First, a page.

I have a confession: at the beginning of October, I had absolutely no idea what NaNoWriMo was. I’d heard the name, knew many thousands of writers got seriously over-excited about it once a year… and that was about it.
Somewhere in the back of my head, I had vague, unrealistic images of writers gathering in hotels and retreats all over America to churn out a novel in the space of a month. All very well and ambitious, I thought, and maybe one day, but not exactly achievable for a stressed and busy mum with a job to hold down and a husband who considered writing a hobby, not a career.
So, signing up for my very first attempt this year came as a bit of a surprise, and here are the top three things I learned by doing so:
1 – What’s it all about, anyway?
Earlier this year I joined Twitter (yes, yes, I know, slow to cotton onto the Technological Revolution or what) and NaNo was referenced all over the place. After clicking on a few links, I discovered the truth: NaNoWriMo takes place all over the world, with the online community providing support, advice and cheers or commiserations. It takes place in cafes and living rooms and offices and anywhere people can sneak in a few minutes writing time as they try to meet the daily target of 1,667 words of their first draft each day. Meet that target, and you’ll hit the Holy Grail of 50,000 words and a completed novel by the end of the month. Well, in some genres – in my preferred fantasy, that’s about half a novel.
2 – There’s nothing like a challenge to provide a little focus and get the creative juices flowing
Since that would still be half a novel more than I had at the time, I thought – why not? Sure, November’s a bit manic, what with deadlines at work, and Christmas and kids’ birthdays approaching. Oh yes, and I’m supposed to be moving house in November, and the Husband is away for work for two weeks so it’ll be chaos trying to keep house and kids ticking over. But hey, that’s just life.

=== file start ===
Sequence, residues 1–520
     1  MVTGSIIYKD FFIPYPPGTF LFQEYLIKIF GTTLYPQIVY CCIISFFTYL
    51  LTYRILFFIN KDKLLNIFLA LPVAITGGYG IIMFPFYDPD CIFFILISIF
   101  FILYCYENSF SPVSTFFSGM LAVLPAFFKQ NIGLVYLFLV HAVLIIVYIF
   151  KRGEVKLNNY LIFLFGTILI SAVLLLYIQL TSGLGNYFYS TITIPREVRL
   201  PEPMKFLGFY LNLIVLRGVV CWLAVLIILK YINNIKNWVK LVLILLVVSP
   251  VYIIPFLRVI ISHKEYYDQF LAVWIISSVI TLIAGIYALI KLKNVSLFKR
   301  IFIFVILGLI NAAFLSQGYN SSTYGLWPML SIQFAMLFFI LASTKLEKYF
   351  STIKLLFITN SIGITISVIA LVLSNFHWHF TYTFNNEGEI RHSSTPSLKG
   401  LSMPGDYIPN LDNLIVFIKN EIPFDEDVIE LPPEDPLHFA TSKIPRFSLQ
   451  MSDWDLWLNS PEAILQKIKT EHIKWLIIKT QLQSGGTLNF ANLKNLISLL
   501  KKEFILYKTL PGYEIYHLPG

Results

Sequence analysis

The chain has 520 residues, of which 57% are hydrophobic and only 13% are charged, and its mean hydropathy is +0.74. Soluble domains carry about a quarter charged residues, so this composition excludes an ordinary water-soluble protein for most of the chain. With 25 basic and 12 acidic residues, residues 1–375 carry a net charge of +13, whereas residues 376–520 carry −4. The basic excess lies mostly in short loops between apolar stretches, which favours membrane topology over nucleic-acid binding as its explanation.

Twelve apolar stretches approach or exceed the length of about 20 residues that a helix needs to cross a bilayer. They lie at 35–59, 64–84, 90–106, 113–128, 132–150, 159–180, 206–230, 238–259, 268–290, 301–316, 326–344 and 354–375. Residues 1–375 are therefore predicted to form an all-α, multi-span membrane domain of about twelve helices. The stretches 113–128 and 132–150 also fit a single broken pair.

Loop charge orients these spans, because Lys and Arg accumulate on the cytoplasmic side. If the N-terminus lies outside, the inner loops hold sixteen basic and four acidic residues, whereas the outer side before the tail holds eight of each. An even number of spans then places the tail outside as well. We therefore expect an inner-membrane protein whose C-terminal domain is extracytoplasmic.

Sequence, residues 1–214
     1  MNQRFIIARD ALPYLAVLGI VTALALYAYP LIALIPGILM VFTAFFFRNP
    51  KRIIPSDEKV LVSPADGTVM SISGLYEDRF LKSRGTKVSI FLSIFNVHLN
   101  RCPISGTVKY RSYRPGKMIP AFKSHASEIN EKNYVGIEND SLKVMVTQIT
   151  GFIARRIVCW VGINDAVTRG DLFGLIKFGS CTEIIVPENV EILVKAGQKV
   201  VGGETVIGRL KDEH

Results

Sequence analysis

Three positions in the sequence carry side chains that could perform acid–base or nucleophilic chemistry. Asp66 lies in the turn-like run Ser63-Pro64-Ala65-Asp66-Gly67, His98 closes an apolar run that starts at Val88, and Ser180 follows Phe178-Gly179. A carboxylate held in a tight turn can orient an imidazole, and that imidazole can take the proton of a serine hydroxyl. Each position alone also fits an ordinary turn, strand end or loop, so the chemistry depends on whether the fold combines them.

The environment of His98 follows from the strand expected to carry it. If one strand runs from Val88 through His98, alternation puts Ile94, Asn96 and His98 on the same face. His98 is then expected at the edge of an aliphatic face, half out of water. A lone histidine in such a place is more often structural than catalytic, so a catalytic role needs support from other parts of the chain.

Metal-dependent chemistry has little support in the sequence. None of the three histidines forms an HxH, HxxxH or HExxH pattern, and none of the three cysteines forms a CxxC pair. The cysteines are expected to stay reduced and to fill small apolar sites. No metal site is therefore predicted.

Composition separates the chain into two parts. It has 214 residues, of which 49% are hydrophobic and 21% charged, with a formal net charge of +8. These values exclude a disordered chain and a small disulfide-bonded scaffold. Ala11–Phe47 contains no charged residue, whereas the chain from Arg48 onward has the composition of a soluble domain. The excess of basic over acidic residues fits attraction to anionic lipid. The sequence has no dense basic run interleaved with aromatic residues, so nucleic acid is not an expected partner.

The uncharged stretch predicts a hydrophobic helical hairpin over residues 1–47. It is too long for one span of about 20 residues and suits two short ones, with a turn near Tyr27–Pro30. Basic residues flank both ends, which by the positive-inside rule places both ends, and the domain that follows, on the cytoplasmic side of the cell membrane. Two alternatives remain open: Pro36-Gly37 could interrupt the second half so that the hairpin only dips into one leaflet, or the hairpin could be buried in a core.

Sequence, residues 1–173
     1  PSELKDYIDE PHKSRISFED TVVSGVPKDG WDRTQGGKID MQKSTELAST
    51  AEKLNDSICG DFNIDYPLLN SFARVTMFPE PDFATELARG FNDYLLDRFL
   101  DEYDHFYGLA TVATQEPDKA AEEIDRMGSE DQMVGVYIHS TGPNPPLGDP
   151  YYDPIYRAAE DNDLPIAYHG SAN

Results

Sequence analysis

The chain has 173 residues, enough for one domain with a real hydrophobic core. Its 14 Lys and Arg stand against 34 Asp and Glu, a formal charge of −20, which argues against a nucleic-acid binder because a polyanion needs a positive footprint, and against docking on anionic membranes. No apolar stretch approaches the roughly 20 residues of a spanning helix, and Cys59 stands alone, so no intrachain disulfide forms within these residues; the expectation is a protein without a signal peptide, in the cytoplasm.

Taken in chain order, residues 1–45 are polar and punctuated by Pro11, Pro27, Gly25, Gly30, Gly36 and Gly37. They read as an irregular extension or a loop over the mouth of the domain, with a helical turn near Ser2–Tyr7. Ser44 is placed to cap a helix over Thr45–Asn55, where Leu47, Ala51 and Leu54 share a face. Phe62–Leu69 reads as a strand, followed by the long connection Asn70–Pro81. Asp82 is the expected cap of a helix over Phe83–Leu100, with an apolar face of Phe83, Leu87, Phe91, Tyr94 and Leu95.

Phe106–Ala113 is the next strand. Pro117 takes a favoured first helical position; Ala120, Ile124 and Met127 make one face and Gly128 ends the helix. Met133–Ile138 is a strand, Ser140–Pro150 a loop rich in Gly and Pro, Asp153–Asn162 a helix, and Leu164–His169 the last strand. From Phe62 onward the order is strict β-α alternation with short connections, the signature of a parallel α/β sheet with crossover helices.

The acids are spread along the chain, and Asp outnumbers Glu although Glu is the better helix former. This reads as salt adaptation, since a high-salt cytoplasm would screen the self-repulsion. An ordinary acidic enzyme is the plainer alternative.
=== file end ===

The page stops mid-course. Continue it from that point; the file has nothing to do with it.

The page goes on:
Did I mention I’m a bit crazy for a good challenge?
Having signed up for the whole shebang – and announced it on Twitter and Facebook so I couldn’t back out without severe embarrassment – I realised I was going to have to pull my finger out. The WIP I’d been half-heartedly outlining and writing occasional scenes from needed a lot more work if it was going to turn into a fully-fledged novel by the end of November.
The time pressure of first finishing the outline in October, and then keeping the word count up on the first draft during NaNoWriMo itself was incredible. Locking away the inner editor (and outer perfectionist) is a must, or you just get too hung up on whether what you’ve done is any good to keep pushing forwards. When the plot gets stuck or you’ve written yourself into a corner, instead of going to sulk and vegetate until inspiration strikes, you have to force yourself to move it forward. What if became two of my favourite words, and whenever I had to stop and ask myself, I came up with answers that surprised me, sometimes even delighted me, and certainly advanced the story.
3 – Writing is revision
Yes, I know. That sounds like a horribly sucky lesson to have taken away. But in actual fact, it was the most important and liberating thing I learnt this November.
Writing blogs, Pinterest, Twitter and the NaNoWriMo community said it over and over again: the first draft will always, always, be terrible. Published authors said it, including several who have genuinely made me speechless because of how good their stories are.
Its’s so important, I’m going to say it again: First drafts are rubbish.
Once you accept it, the pressure is off. You can just write, get the story down, knowing you’ll be coming back to solve all the problems and plot holes at a later stage. Got a character who developed a complicated backstory halfway through? Fix it in revision. Changed the capital city’s name in Chapter 16? Fix it in revision. Supposed love interest or sidekick turned out to be the antagonist? You got it…
And at the end of the drafting process (which may not be at the end of November, even if you hit the 50K target) you will have something you might never have expected: A complete manuscript. One which needs a lot of work, sure. But you finished the story. And that’s got to be worth an awful lot of revision.
Oh, and in case you’re wondering? I made it, despite all those real-life complications. Over 67,000 words by the end of November, and having developed the habit of daily writing I’ve carried on (at a slightly slower pace) and I’m now up to almost 74K.